Má chuirim aon lámh ar an dtearmann beannaithe,
má thógaim droichead thar an abhainn,
gach a mbíonn tógtha isló ages na ceardaithe
bíonn sé leagtha ar maidin romham.
 
Tagann  aníos an abhainn istoíche bád
is bean ina seasamh  inti.
Tá coinneal ar lasadh ina súil is ina lámha.
Tá dhá mhaide rámha  aici.
 
Tairrigíonn sí amach paca cartaí,
‘An imréofá brieth?’  a deireann sí.
Imrímid is buann sí orm de shíor
is cuireann sí de cheist, de bhreith is de mhórualach orm
 
Gan an tarna béile a ithe in aon tigh,
ná an tarna oíche a chaitheamh faoi aon díon,
gan dhá shraic chodlata a dhéanamh ar aon leaba
go bhfaighead í.  Nuair a fhiafraím di cá mbíonn sí,
 
‘Dá mba siar é soir, ‘ a deireann sí, ‘dá mba soir é sior.’
Imíonn sí léi agus splancacha tintrí léi
is fágtar ansan mé ar an bport.
Tá an dá choinneal fós ar lasadh le mo thaobh.
 
D’fhág sí na maidi rámha agam.

Geasa le Nuala Ní Dhomhnaill,  as Pharaoh’s Daughter.  Gallery Press. 1990. This poem is from Pharaoh’s Daughter by Nuala Ní Dhomhnaill, 1990, Gallery Press (Editor Peter Fallon). With thanks to Gallery Press for permission to reproduce here. I have added poet Medbh McGuckian‘s translation at link 

‘The Pharaoh’s Daughter ‘, Gallery Press,1990.

The Bond, by Nuala Ní Dhomhnaill, translated by Medbh McGuckian.

‘Geasa’ le Nuala Ní Dhomhnaill.

Rendevous , by Elisaveta Bagyrana.

I discovered your footprints in the sand and to get there sooner
I ran legs sinking at the knees, and fell from exhaustion,
and when I climbed the hill – in astonishment I was calling,
as if I’d seen you for the first time on that unforgettable evening.

 
You filled the entire horizon, for then you seemed enormous,
with hair in the clouds,  feet on the shore.
And you saw me and reached for me –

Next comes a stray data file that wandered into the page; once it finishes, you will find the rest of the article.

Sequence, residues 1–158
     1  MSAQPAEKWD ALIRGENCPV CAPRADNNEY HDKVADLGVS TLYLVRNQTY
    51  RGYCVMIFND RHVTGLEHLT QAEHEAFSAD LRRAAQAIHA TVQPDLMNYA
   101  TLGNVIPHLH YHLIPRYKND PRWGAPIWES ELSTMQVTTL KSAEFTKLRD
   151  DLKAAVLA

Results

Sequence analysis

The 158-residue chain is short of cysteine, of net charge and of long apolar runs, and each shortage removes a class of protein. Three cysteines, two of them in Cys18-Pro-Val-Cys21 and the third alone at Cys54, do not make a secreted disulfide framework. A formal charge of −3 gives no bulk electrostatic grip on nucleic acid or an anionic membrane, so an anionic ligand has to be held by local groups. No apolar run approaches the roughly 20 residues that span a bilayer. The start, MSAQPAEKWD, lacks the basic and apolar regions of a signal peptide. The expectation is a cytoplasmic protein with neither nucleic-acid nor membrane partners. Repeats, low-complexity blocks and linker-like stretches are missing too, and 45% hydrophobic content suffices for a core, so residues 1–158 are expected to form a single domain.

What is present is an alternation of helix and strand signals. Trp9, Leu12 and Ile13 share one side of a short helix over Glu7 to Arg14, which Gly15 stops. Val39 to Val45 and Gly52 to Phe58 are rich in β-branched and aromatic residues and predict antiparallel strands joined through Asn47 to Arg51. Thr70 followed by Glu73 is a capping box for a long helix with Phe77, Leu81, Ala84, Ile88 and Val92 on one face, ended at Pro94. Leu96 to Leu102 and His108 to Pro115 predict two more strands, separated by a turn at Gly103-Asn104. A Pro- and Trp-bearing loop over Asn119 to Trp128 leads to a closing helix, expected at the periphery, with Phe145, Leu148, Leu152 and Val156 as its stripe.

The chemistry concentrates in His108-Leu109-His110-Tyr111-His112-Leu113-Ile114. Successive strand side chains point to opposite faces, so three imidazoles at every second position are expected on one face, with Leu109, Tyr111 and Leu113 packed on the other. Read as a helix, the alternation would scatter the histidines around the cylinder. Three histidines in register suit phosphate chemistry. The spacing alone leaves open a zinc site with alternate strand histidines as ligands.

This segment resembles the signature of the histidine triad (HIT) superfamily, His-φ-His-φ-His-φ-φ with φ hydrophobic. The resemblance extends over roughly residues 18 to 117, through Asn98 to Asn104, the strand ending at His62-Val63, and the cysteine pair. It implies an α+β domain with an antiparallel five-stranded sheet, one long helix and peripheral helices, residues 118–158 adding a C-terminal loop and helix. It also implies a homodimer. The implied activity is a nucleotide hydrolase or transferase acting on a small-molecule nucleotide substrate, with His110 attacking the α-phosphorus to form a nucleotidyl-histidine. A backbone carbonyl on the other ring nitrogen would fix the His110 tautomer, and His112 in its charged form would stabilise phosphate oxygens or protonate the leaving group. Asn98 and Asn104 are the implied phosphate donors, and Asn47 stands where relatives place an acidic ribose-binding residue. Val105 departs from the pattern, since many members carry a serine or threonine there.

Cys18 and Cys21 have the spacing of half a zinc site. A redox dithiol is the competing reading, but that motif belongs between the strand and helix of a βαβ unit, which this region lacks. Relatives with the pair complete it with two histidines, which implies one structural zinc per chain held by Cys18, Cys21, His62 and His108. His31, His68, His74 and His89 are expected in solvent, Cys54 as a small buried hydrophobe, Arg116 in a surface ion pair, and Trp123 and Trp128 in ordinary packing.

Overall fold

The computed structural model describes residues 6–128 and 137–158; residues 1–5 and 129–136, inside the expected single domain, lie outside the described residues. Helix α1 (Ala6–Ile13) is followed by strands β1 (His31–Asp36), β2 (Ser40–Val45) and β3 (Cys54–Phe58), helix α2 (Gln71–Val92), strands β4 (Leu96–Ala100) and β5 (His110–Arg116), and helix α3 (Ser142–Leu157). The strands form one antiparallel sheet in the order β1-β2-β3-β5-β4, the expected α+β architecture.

as if you sought to embrace the universe – everything …
 
Listen to my heartbeat, see the tears in my eyes
and remember – no  one has ever embraced me like this,
nor have I embraced anyone ever- like this.
 
And if at this moment my joy lowers the scales
and God wants to shorten the thread of my days,
I shall extend my arm to Him asking for supreme grace. 
 

1927, Elisaveta Bagranya,  Trans  Belin Tonchev.
from Elisvatea Bagyrana , Penelope Of the Twentieth Century. Publ. Forest Books 1993.

Rendevous , by Elisaveta Bagyrana.

Máthair Chréafóige, by Helen Soraghan Dwyer.

Earth Mother

for Firoana.
 
The plains of Romania
Under thirty degrees of heat
Stretch to the poplar trees
At the edge of the earth.
 
A weathered peasant lady
Offers me water,
Her toothless smile
Mothers me
As I rest in the shade.
 
She is a daughter of this soil,
Of sun and sweat and toil.
I am from a city
She will never visit.
 
As I return her smile
And sip her water
She is every woman’s mother,
I am every woman’s daughter.
 

from Still, by Helen Soraghan Dwyer.

Máthair Chréafóige

 
do Firoana
 
Machairí na Rómáine
I mbrothall an lae
Síneann go poibleoga bhána
Ar imeall an domhain.
 
Bean chríonna tuaithe
A thairgeann deoch dom,
Miongháire mantach
Dom mhúirniú
Istigh faoin bhfothain.
 
Iníon chréafóige í,
Iníon allais is gréine.
Ón gcathair nach bhfeicfir choíche
Is ea do thángas.
 
Aoibh ormsa leis
Ag ól uisce,
Iníon cách mise,
Máthair cách í siúd.
 
as Faire, le Helen Soraghan Dwyer. Lapwing Publications, Belfast 2010.
 
Note about the Book.
 
I picked up this book and another volume of women’s poetry on Saturday, in my local bookshop. The poetry section is well-balanced and stocked. As I have not asked permission to advertise the shop,  so I won’t name the wonderful proprietor yet. Suffice it to say that she also does  some excellent internet ordering ,  and has some  independently bound essays which are virtually impossible to get in Ireland. I shall edit this with a link to catalogues in the near future.

Máthair Chréafóige – Earth Mother  by Helen Soraghan Dwyer. From Still – Faire. Trans, Bernadette Nic an tSaoir Lapwing Publications 2010.


Máthair Chréafóige, by Helen Soraghan Dwyer.